Recent comments from the former National Lead for Counter Terrorism Policing, Mark Rowley, may fan these particular flames by asking if we should consider treating the children of extremists on a par with the children of paedophiles. It was a rhetorical question from someone who has been immersed in investigations of the country’s most pernicious terrorists, but the media headlines that followed (“Extremists Should Lose Access To Their Children”) were devoid of any nuance and will understandably raise concerns. He is correct insofar as exploitation, coercion and manipulation are tactics in both paedophilia and radicalisation, especially with regard to online grooming, but to equate the two so explicitly would be wrong.
Reassuringly, the courts agree. Despite such hyperbolic language in the media, the bar is set high for any intervention by the state, not least that cases involving radicalisation should be heard in the High Court, the third highest court in the country (with only the Court of Appeal and the Supreme Court sitting above it).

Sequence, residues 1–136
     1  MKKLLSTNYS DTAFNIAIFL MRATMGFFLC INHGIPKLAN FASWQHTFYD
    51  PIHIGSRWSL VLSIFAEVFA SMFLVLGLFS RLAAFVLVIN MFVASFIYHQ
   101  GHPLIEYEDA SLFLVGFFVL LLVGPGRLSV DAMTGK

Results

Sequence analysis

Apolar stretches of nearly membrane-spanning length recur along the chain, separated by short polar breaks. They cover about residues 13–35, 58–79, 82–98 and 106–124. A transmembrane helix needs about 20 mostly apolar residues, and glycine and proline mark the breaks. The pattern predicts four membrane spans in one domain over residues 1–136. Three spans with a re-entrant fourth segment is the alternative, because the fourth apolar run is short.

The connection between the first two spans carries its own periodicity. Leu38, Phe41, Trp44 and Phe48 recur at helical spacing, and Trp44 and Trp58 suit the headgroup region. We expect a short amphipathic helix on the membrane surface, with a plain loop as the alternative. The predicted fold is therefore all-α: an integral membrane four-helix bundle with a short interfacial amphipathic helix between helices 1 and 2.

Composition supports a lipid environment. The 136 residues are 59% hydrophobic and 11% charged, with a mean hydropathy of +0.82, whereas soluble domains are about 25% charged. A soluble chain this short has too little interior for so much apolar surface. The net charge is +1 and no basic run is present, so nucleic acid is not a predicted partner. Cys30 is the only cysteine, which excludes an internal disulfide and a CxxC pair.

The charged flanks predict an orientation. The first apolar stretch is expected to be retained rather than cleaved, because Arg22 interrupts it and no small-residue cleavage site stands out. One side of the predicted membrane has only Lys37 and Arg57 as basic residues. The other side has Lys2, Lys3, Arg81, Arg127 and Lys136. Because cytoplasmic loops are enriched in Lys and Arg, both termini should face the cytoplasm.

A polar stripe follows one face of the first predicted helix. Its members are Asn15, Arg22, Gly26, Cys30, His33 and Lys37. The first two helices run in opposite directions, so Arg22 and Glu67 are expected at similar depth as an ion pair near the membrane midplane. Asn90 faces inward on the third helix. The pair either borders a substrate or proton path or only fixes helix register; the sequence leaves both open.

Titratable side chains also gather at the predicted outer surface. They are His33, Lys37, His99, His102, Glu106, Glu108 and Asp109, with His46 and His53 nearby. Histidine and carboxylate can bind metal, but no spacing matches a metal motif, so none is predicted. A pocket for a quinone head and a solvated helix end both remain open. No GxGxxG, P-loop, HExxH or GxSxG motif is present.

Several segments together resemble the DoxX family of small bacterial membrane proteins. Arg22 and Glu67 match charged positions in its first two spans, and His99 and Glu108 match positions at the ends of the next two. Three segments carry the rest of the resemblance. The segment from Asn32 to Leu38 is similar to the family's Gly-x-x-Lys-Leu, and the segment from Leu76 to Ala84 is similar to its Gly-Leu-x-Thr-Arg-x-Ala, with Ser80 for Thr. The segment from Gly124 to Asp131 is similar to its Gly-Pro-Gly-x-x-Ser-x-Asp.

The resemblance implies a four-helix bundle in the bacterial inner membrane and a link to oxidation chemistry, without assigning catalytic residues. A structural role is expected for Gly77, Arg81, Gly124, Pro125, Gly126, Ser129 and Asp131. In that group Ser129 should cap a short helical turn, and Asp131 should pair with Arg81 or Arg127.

Sir James Munby, former President of the Family Division of the High Court of England & Wales, issued comprehensive guidance on ‘Radicalisation Cases in the Family Courts’ in 2015 which reinforces that only exceptional circumstances should invoke a family intervention by the courts. Whatever our concerns about parents who hold extremist views, he makes clear that “….it is the interest of the child that is paramount. This cannot be eclipsed by wider considerations of counter terrorism policy or operations.”
The first tool to be applied in such circumstances is a threshold test, and a legal precedent is set here which determines that, “many parents are hypochondriacs, many parents are criminals or benefit cheats, many parents discriminate against ethnic or sexual minorities, many parents support vile political parties or belong to unusual or militant religions. All of these follies are visited upon their children, who may well adopt or “model” them in their own lives but those children could not be removed for those reasons”.
This became particularly relevant in a case involving the child of an EDL supporter in which Sir James Munby stressed, “that membership of an extremist group such as the EDL is not, without more, any basis for care proceedings”.